One of the questions in surveys that determine what sort of career in medicine you want asks:
How much ambiguity can you tolerate?read: How much are you willing NOT to know? The answer is surprisingly telling.
I thought that as a physician in training, I would learn how to become more confident in my diagnosis when in practice, this is a very difficult thing to achieve. Especially in a brief visit where there are no clear labs or studies to elucidate the answer. Take a simple cold. A patient comes in with a sniffly nose, fatigue and a sore throat and asks: do I have strep? You can do a throat culture, but that will take time. You can do a rapid strep antigen test, but the test is not sensitive and you may get a false negative. Even for the most common conditions, there is a great deal about which we DO NOT know, nor can we ever know. We don't even have the tools to test for a lot of the different viruses that may cause a common cold... and why bother? It'll go away on its own with some fluids and rest.
Take another common concern: Doc, what are my chances of getting a heart attack?
We gamble on answers like this when we prescribe medications to reduce risk factors for coronary artery disease like high cholesterol (diet, exercise and statins,) and diabetes (diet, exercise, and metformin.) We risk stratify patients based on a collection of factors that have been shown to lead to increased risk of a heart attack in the future. The biggest study of this is the Framingham Heart Study. From a collection of statistics gathered from anamnesis (patient history) and labs, we can determine the 10 year risk of a patient for having a heart attack!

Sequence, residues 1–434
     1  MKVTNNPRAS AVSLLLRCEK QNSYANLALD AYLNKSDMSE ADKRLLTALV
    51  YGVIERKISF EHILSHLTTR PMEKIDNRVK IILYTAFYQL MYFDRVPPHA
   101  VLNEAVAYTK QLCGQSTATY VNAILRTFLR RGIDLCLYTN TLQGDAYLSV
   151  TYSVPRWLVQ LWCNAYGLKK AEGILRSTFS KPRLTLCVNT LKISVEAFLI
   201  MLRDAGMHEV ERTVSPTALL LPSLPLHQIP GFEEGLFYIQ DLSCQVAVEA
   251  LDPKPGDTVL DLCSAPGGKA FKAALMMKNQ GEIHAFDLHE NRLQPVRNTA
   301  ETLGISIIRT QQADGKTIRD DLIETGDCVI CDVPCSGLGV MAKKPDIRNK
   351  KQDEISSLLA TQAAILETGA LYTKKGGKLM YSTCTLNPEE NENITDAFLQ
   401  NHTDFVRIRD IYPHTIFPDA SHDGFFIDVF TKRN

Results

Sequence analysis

That's pretty powerful. But it is still just a Chance.
And how often do you really have a discussion like THIS with your doctor?!?
You're a 57 year old male. Your total cholesterol is 275. That's high because it's bigger than 200. Your HDL(good) cholesterol is only 35. That's low because it's less than 40. On top of that, you're still smoking and your systolic blood pressure(big number) is 150 despite being on medications!
You know, that means you have a greater than 30% chance of getting a heart attack or something similar in the next ten years. Think about that.
If you quit smoking and exercised to bring your blood pressure down to normal (120,) you could pull your risk down to 18%. That's still high but if we put you on a medication to lower your cholesterol and it was brought down to a normal level, we'd bring it down to 12%!
We can cut your risk in half with some simple changes. What do you think about that?
We gamble with people's lives. Some people live gluttonous self-indulged lifestyles and never have any health problems. Other people are health nuts but suffer from multiple ailments.
We don't know what hand people are dealt... but we can help stack the deck in their favor.